It happened on the 17th tee. Not the first time Justin Thomas stepped up to it at this week’s PGA Championship at Southern Hills, nor the second, third, or fourth. But the fifth time, in a three-hole playoff against Will Zalatoris, he had The Look.
If you’ve watched Thomas play over the years, you know the one. Part stank face, part concentration, part sheer force of will. It’s the face he often makes during match play, which, in a way, this was: Zalatoris and Thomas entered the playoff tied at 5-under after Mito Pereira’s 72nd-hole collapse, and both made birdie on the par-5 13th to get things underway. The only hole remaining after 17 was the par-4 18th, which played as the hardest hole on the course Sunday and delivered the fatal blow to Pereira’s disastrous day. So Thomas knew if he was going to seize an advantage, this would be the place. You don’t play it safe after making a face like that.
He smashed a 3-wood 288 yards toward the drivable green, and after trickling up a hill, the ball rolled to about 35 feet. It was a master class of a tee shot—a mulligan on the same shot he slightly mishit earlier in the day. But this time, there was no error. Only a club twirl.
Have a feeling we’ll be watching Justin Thomas’ drive on the second playoff hole for a very, very long time. pic.twitter.com/y5s2uQDg1d— GOLF on CBS ⛳ (@GOLFonCBS) May 23, 2022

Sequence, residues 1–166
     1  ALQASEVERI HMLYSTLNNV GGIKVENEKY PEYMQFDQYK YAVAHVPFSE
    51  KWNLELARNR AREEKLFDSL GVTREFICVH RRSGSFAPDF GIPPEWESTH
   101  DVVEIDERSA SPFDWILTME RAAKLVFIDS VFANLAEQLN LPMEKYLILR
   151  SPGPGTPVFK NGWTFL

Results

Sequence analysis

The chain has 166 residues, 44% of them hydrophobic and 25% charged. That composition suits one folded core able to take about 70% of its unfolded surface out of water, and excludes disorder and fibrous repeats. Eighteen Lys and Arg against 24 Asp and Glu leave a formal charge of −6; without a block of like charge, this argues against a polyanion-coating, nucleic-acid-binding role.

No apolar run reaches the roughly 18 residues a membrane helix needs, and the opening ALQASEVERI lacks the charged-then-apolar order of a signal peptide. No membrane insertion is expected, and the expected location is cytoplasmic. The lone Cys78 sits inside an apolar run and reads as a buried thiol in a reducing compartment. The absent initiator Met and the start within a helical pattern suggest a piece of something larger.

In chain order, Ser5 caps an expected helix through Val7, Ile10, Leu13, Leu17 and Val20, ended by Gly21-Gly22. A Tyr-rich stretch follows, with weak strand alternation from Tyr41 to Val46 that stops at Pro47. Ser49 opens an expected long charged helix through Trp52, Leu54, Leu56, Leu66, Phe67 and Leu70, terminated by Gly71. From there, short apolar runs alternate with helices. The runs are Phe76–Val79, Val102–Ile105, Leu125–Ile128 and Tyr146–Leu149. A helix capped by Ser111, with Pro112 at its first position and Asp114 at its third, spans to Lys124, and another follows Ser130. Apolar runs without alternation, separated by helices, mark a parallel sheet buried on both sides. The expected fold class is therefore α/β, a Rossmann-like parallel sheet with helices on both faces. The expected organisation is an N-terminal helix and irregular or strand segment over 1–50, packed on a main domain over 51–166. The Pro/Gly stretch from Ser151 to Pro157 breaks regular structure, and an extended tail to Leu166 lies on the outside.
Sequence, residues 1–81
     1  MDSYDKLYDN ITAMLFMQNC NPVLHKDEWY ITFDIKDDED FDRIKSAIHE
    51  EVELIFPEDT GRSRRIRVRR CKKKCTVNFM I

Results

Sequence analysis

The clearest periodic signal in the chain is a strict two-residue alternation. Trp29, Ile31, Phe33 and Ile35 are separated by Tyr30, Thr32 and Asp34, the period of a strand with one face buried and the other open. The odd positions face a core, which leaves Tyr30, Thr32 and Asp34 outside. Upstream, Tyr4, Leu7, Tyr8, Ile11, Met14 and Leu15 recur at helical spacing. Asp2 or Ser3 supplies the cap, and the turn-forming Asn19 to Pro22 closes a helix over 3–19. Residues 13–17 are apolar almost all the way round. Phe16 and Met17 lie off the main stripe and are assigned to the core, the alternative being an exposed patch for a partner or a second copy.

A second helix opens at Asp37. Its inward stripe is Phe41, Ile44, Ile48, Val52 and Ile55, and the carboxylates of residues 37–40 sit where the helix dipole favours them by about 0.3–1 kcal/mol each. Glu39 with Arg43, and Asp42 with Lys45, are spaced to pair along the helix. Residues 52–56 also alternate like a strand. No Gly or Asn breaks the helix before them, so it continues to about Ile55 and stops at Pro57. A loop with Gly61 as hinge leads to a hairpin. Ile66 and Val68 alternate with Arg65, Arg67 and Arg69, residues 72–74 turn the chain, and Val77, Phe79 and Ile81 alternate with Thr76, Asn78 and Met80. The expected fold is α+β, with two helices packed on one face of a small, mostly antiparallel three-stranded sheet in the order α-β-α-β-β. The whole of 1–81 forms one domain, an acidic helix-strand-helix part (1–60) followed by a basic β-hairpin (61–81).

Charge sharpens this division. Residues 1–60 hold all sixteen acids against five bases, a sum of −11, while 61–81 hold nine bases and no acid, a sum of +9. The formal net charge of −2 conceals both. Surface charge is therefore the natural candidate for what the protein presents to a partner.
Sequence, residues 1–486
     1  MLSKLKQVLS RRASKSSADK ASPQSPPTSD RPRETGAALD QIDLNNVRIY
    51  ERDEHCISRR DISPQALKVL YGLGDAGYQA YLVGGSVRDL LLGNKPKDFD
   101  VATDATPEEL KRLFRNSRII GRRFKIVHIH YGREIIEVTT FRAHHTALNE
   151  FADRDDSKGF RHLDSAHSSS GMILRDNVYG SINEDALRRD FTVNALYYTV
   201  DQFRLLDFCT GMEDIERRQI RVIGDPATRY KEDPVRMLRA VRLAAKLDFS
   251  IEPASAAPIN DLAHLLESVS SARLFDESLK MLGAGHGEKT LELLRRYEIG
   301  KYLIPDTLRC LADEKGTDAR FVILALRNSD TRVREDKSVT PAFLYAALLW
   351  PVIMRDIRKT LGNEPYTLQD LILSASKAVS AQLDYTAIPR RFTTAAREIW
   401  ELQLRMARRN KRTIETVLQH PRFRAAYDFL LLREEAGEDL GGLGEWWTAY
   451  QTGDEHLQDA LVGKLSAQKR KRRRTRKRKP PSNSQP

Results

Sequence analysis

“That was a nice one,” Thomas said after the round. “I mean, the wind off the left with a 3-wood isn’t exactly my favorite. I hit a beautiful shot in regulation in that bunker like we wanted to, and I hit essentially the same shot, just had a little bit more cut on it, and for it to go up on the green was nice to put probably a little bit of heat on Will.”
It certainly did. Zalatoris hit his tee shot just short of a greenside bunker and was able to make only par off the tight lie. And after co-pars at 18, Thomas earned the second PGA Championship of his career and his first major victory since the PGA at Quail Hollow in 2017.
It feels necessary to reiterate that Thomas did in fact win this tournament, because for much of the day, it seemed like the only possible outcome was for someone to lose it.
Pereira entered Sunday at 9-under par with a three-shot lead over Zalatoris and Matt Fitzpatrick. Behind those three sat Cameron Young (5-under), Abraham Ancer (4-under), and Seamus Power (3-under). Thomas was seven strokes back at 2-under, tied with Bubba Watson and Stewart Cink. And during the broadcast, CBS cited a data model that gave Thomas just a 1.2 percent chance of winning Sunday.
The fact that Thomas was even in position to enter a playoff is wild considering the circumstances, and it speaks both to his great performance—shooting a gritty 67, tied for the low round of the day with Tommy Fleetwood and Kevin Streelman—and the messy outings of every single other contender on the leaderboard.
“It was a bizarre day,” Thomas said. “It’s funny, I was asked earlier in the week about what lead is safe, and I said ‘no lead.’ I mean, [Southern Hills] is so tough.”